A couple of months ago, I happened to see a tweet by The Ara Gallery announcing they were looking for emerging artists in the region to participate in the exhibition “Raising the Stereotype” (an exhibition dedicated to deliver a message from the Arab youth to the rest of the world). The title caught my attention. I decided to go ahead and send in my work. I honestly did not expect to later be asked to send a proposal, but I was! You will find a link to the proposal further down in this post. I sent the proposal, again not expecting to actually get approval and be asked to sign a contract and be part of the exhibition, but I did get approval and I was asked to be part of it!
This has been a very rewarding experience; from finally feeling that a gallery out there is actually interested in what I’ve got to offer as an artist, to the entire process. Before I even wrote the proposal, I wrote We is Terrorists , which really helped me organize my thoughts and figure out a direction for my project. As usual, I had no clear image of what I wanted until the deadline, and a lazy light bulb finally decided to pop into view.
To read the proposal, click on the following link: Raising the Stereotype Proposal
I will be posting pictures from the process in another post, but for now, look at the full view of each image. The details are meant to be seen with a magnifier, so you won’t grasp the concept unless you zoom in. Please note that this is actually a smaller version for the sake of download speed.
“Nice to Meet You” is my reply to anyone who stereotypes Arabs. I show the regular Arabs that Hollywood finds too boring to show in movies. I found beauty in each one. I also showed English and Arabic logos of brands we are all familiar with, stressing on the fact that we have more similarities that we should focus on rather the differences.
I was told that people at the exhibition opening asked “Why the little girl with the gun?” I was shocked to see a scene that demonized an Arab child. I’ve seen men and women with guns in several movies, but I don’t recall seeing a child before. We’ve become conditioned to the image of the Arab man with the gun. I want viewers to question this scene and even feel apalled, just like I did when I first saw it in Dr. Jack Shaheen’s documentary “Reel Bad Arabs: How Hollywood Vilifies a People.” Watch the video below from 5:00 min, and pay close attention at 7:00.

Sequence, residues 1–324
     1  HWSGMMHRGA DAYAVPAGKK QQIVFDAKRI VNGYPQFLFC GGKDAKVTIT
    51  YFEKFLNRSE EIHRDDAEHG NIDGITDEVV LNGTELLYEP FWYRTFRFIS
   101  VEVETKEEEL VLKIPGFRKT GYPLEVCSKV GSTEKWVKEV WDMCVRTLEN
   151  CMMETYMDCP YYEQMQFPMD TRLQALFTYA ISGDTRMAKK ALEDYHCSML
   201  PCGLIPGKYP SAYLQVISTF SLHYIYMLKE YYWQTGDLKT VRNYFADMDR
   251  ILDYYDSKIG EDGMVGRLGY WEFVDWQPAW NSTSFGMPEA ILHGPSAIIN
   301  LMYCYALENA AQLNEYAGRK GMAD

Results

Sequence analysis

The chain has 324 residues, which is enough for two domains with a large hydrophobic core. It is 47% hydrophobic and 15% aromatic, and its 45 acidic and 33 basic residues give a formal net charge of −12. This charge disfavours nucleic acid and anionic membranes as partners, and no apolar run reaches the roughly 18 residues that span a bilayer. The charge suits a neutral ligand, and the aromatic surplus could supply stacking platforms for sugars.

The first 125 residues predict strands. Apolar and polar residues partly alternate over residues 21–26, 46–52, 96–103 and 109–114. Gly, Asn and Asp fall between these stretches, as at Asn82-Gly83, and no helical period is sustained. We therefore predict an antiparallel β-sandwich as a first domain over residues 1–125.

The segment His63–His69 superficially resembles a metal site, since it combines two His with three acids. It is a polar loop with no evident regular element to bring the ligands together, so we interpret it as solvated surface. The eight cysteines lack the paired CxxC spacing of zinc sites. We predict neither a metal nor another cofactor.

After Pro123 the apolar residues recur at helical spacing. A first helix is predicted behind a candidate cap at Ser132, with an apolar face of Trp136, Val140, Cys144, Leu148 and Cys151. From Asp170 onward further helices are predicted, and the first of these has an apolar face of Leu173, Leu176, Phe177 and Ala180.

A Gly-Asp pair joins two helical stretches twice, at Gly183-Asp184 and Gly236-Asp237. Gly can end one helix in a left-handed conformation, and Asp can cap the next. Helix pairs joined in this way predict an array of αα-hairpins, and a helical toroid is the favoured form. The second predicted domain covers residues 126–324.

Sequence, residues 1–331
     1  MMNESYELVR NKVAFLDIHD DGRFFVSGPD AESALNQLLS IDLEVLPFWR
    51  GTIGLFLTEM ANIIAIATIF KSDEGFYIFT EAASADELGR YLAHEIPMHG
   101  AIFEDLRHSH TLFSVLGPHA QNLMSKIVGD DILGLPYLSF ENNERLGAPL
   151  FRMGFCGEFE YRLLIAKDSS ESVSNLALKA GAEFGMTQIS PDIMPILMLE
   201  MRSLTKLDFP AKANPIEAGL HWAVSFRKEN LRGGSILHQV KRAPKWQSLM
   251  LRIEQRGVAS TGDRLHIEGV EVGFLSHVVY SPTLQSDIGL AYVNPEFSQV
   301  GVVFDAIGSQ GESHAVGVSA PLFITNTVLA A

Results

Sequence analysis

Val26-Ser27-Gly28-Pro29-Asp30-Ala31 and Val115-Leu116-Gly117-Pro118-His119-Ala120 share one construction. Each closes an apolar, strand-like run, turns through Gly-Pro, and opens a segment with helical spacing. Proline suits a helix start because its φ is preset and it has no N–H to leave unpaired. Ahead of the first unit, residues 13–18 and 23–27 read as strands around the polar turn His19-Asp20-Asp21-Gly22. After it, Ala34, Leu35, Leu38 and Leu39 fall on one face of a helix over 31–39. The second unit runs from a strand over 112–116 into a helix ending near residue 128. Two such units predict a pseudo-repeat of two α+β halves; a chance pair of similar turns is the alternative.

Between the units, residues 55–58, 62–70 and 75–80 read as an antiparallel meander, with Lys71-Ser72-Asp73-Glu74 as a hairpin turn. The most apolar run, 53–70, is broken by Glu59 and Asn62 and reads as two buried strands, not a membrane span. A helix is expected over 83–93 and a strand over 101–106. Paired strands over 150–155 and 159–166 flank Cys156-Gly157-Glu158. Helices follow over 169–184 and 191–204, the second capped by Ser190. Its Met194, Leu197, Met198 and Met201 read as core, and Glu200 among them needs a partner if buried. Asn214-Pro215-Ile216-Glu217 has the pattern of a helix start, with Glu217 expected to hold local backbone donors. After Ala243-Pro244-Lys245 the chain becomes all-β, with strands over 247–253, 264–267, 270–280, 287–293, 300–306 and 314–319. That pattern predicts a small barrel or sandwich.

This is definitely a project I enjoyed working on from A to Z. I finished working on it last minute, therefore everything was last minute, including the shipping. On the day of the opening, at exactly 18:40, the shipment was out for delivery, and it reached the exhibition before the opening was over. Laurel Munshower, the wonderful assistant manager who’s been following up with the whole thing and constantly updating me, sent me this picture. I was in a meeting, checking my phone for updates every few minutes. When I got the tweet, I gasped and my eyes teared up.
Also, Special Thanks to…
Laurel Munshower, Assistant Manager at The Ara Gallery,
Abdullah Kurdi, owner of PHOTOPIA,
Yousef Alshaikh, for all the support & for sending his loupes to Dubai,
Aarnout Helb, founder and curator of Greenbox Museum of Contemporary Art from Saudi Arabia, for his feedback when I started working on the project,
Ahmed Darwish, for booking my flight and trying to find me a way to attend the opening,
Dalal Hussein and Jumana Ghouth at Athr Gallery for giving me plenty of useful information,
Eyad Maghazil, for telling me where I could find a carpenter to make a crate for the artwork,
Everyone who believes in me and constantly encourages me,
The wonderful people in my life who gave me more reasons to finish working on this project by simply being themselves,
And last but not least, Dr. Jack Shaheen for his great work on “Reel Bad Arabs”, which inspired the whole project.
My 1st international exhibition. I’m very happy and proud to have my name in there. It’s a dream come true.